AUTOMOTIVE FINANCE CORPORATION v. ABERDEEN AUTO SALES, INC. et al

Filing 28

ENTRY re 16 Motion to Dismiss for Lack of Jurisdiction and 26 Motion for Default Judgment. Signed by Judge David Frank Hamilton on 8/15/2007. c/m (LSC)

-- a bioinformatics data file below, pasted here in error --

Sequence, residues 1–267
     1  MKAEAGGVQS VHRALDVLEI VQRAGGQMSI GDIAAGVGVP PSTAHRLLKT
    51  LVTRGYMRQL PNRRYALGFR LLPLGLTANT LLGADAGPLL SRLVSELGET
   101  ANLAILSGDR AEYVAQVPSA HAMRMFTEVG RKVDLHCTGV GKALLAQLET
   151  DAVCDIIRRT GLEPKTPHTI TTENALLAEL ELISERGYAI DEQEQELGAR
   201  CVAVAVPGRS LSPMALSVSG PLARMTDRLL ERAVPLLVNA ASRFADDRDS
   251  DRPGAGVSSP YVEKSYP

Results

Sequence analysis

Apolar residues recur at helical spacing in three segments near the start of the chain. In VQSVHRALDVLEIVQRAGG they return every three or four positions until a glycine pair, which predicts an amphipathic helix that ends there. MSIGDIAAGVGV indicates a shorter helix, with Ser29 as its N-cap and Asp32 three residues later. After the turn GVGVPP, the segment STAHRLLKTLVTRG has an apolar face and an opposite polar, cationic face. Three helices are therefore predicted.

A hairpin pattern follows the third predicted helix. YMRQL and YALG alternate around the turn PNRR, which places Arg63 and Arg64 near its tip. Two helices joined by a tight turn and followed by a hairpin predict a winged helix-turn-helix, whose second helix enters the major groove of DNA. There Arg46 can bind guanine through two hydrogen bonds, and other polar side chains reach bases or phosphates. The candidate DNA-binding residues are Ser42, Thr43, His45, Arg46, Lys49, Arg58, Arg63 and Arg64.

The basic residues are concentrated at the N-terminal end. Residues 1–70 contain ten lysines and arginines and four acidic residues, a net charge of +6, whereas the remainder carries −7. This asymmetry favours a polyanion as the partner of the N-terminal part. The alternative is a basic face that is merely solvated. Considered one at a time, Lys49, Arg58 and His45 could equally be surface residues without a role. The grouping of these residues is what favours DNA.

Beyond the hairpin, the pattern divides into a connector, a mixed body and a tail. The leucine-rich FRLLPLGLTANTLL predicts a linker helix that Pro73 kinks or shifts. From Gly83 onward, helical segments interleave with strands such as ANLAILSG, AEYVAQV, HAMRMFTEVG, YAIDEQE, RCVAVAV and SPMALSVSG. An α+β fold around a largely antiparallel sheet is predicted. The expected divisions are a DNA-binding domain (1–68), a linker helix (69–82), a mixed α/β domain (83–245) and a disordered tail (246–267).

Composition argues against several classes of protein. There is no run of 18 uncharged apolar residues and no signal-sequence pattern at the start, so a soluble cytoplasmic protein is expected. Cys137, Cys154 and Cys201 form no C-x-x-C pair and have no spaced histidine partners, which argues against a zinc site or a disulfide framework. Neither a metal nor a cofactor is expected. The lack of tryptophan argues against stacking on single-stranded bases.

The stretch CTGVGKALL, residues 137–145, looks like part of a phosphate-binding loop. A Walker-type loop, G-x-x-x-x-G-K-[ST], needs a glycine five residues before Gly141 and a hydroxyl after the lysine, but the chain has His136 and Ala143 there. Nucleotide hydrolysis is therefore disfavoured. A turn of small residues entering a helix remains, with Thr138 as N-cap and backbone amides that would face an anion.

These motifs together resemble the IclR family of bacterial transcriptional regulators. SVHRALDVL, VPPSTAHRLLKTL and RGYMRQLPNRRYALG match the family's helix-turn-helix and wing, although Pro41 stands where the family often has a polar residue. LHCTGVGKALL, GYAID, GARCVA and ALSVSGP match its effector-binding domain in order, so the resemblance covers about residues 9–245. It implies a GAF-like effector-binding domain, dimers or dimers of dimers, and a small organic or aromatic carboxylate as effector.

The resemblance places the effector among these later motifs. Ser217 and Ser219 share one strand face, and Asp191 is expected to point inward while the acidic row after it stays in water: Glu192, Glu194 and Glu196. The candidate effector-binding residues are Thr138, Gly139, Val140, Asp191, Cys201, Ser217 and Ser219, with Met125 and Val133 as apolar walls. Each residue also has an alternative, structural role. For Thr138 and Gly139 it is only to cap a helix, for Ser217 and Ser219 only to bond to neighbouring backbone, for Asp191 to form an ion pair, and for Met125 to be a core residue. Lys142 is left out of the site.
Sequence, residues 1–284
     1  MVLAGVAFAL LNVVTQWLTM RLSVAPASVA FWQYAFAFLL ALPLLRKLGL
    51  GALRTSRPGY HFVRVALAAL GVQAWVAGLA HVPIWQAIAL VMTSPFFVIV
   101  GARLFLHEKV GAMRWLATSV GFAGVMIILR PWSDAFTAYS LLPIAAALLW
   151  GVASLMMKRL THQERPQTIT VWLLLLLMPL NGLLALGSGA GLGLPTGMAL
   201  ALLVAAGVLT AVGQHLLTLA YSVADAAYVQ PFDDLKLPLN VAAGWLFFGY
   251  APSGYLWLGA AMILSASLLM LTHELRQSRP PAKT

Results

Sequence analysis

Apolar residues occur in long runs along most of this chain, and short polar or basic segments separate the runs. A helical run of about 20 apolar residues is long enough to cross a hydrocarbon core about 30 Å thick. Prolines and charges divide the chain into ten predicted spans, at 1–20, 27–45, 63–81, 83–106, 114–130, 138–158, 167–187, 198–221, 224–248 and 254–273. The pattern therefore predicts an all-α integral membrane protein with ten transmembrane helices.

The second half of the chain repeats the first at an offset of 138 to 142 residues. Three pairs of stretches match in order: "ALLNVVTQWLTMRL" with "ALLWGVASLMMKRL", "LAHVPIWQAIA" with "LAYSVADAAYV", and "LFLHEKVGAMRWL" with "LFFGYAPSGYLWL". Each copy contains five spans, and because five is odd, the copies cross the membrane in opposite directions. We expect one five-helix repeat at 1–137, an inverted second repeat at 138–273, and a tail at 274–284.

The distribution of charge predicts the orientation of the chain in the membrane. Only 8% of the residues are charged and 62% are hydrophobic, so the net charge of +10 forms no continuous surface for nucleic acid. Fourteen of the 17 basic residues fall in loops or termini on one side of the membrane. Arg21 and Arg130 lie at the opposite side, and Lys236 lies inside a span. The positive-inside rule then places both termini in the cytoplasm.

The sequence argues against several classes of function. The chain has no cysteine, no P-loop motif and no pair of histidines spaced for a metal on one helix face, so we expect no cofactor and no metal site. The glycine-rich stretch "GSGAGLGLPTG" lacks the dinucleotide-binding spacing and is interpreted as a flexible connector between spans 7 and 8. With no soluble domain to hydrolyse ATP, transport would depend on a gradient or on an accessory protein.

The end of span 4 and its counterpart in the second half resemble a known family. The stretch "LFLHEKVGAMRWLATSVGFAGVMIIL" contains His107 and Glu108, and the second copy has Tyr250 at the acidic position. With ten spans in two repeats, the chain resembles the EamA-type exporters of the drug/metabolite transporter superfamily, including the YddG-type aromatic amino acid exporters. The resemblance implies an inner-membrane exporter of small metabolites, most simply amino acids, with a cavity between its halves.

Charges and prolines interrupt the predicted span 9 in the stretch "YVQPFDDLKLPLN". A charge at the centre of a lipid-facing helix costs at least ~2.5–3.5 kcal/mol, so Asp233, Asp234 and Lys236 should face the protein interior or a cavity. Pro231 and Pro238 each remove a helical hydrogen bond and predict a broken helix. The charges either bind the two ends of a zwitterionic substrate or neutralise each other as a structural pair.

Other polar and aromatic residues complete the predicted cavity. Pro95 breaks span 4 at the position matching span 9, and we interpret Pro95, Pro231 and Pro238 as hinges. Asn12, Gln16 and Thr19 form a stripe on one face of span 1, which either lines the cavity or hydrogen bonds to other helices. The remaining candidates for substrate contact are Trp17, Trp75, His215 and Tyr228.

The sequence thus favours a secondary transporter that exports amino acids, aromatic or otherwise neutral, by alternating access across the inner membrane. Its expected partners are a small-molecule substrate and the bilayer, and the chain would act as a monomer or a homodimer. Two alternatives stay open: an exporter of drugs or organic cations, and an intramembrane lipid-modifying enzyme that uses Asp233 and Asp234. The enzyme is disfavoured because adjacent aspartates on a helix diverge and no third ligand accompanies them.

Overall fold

Download PDF